Burned dog teaches children dangers of fire
A puppy that escaped a potentially deadly situation is now keeping local students safe.
Eyewitness News first told the story of eight-week-old Dempsey, a boxer/mastiff mix last June. A stranger found him nearly dead in a New Castle alley after someone had set the puppy on fire.
Most of Dempsey's four paws had been burned off, along with most of his tail.
"He's your living example of what fire can do," says Eileen Orban, who eventually adopted Dempsey, now 90 pounds and struggling still to walk on his deformed paws.
Orban is with Pike Township Fire Department and has used Dempsey in dozens of fire safety programs in schools and at camps for children with burns.
"I wanted to bring a special friend with me today. His name is Dempsey," Orban tells a group of 40 first graders from Eagle Creek Elementary School.
She shows the students the scarring on Dempsey's stomach and legs.
"See right here? This is where he got burned by the fire," Orban said. "He doesn't want any of you to go through what he's gone through. I wanted Dempsey to come see you, that way you guys could see the damage fire can do to us. And if it can do it to Dempsey, it could do it to you."
Having the injured dog in front of them helps deliver his message.
"They see him walk or they see him move, you know, it kind of melts their heart and they take in that message that he has to share from that," Orban said.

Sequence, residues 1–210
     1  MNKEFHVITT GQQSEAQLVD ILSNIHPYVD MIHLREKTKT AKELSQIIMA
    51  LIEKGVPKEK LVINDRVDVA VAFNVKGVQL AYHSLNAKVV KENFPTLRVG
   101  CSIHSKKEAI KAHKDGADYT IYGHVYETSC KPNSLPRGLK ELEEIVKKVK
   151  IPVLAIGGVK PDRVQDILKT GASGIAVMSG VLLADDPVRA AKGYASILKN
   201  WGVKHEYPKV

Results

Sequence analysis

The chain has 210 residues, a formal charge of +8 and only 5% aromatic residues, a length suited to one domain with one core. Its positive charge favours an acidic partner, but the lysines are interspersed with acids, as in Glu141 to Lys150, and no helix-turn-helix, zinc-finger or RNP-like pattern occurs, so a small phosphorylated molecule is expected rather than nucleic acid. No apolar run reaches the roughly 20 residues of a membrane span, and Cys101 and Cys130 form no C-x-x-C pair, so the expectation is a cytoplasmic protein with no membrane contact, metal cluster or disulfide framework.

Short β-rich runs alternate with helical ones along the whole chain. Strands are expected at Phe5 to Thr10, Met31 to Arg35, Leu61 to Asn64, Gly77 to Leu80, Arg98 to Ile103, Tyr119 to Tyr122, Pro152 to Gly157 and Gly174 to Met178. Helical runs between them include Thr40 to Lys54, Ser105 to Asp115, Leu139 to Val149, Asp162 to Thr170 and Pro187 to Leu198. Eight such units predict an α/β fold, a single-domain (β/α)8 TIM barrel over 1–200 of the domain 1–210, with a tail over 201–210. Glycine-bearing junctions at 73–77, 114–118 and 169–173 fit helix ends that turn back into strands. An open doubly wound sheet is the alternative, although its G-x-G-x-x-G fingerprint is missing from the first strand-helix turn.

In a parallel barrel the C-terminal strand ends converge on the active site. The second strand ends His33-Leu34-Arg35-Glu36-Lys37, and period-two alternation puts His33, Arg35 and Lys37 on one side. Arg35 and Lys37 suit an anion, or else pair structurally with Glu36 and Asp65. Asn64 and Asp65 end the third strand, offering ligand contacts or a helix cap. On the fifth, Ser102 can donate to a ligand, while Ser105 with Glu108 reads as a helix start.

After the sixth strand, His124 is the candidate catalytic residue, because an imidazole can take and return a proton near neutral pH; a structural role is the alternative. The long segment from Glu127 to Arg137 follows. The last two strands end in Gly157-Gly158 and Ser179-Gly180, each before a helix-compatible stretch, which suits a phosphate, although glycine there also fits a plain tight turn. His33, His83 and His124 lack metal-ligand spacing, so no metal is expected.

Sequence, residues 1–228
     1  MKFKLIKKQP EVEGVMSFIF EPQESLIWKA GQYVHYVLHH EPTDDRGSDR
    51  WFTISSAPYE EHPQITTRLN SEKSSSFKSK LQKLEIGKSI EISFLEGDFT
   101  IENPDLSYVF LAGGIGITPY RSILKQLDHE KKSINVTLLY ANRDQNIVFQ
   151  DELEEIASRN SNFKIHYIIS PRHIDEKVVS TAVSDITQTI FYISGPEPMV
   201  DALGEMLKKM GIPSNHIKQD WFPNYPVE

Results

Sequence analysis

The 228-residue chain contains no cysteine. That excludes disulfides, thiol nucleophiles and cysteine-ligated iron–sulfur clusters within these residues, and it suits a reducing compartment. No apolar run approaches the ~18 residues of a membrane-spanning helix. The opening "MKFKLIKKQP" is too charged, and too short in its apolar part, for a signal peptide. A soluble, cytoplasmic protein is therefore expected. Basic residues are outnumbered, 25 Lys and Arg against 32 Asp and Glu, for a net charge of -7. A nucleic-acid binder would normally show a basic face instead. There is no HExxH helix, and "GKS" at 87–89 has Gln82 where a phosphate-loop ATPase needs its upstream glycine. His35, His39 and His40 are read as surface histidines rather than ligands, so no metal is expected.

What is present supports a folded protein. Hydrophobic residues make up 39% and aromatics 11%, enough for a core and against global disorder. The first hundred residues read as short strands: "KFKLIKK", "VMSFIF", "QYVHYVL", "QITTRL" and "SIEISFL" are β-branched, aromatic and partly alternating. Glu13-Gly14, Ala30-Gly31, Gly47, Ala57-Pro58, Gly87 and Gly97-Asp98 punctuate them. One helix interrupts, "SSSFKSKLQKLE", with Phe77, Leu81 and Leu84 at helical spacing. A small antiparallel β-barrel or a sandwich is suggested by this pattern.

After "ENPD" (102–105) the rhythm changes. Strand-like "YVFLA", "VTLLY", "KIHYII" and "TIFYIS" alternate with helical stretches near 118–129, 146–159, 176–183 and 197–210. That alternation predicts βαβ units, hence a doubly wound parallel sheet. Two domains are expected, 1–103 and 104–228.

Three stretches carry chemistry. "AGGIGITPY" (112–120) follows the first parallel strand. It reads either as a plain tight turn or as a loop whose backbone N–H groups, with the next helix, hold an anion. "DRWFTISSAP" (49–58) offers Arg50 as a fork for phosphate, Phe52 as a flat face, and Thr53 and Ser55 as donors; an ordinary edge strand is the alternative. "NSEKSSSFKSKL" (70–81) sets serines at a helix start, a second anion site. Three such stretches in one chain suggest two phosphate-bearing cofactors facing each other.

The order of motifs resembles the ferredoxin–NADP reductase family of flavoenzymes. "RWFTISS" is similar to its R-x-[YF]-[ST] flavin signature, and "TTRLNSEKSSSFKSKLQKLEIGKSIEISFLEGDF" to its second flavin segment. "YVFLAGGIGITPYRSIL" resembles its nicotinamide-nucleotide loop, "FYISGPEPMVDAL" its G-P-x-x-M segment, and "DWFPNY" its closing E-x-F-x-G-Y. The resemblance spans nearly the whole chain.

Life could get a little easier for Dempsey as he continues to spread his fire safety message. Orban says this summer, a local veterinary clinic plans to reconstruct all four of Dempsey's paws.
"They're just trying to make his mobility better for him, make it easier for him to get around," Orban said.
Even if veterinarians are successful, though, Dempsey will still have scars as powerful proof of the dangers of fire.
"Don't touch fire, because you will get burnt," said first grader Jacob Smith about what he learned after meeting Dempsey.
"People can get burned really, really bad and they can die, too," added classmate Laniya Williams.
It's a sobering lesson for children so young. It's a lesson made easier, though, because it comes packaged with a wagging tail.
In the next few weeks, Eyewitness News will have more information on Dempsey's surgery and the effort underway to get the public involved.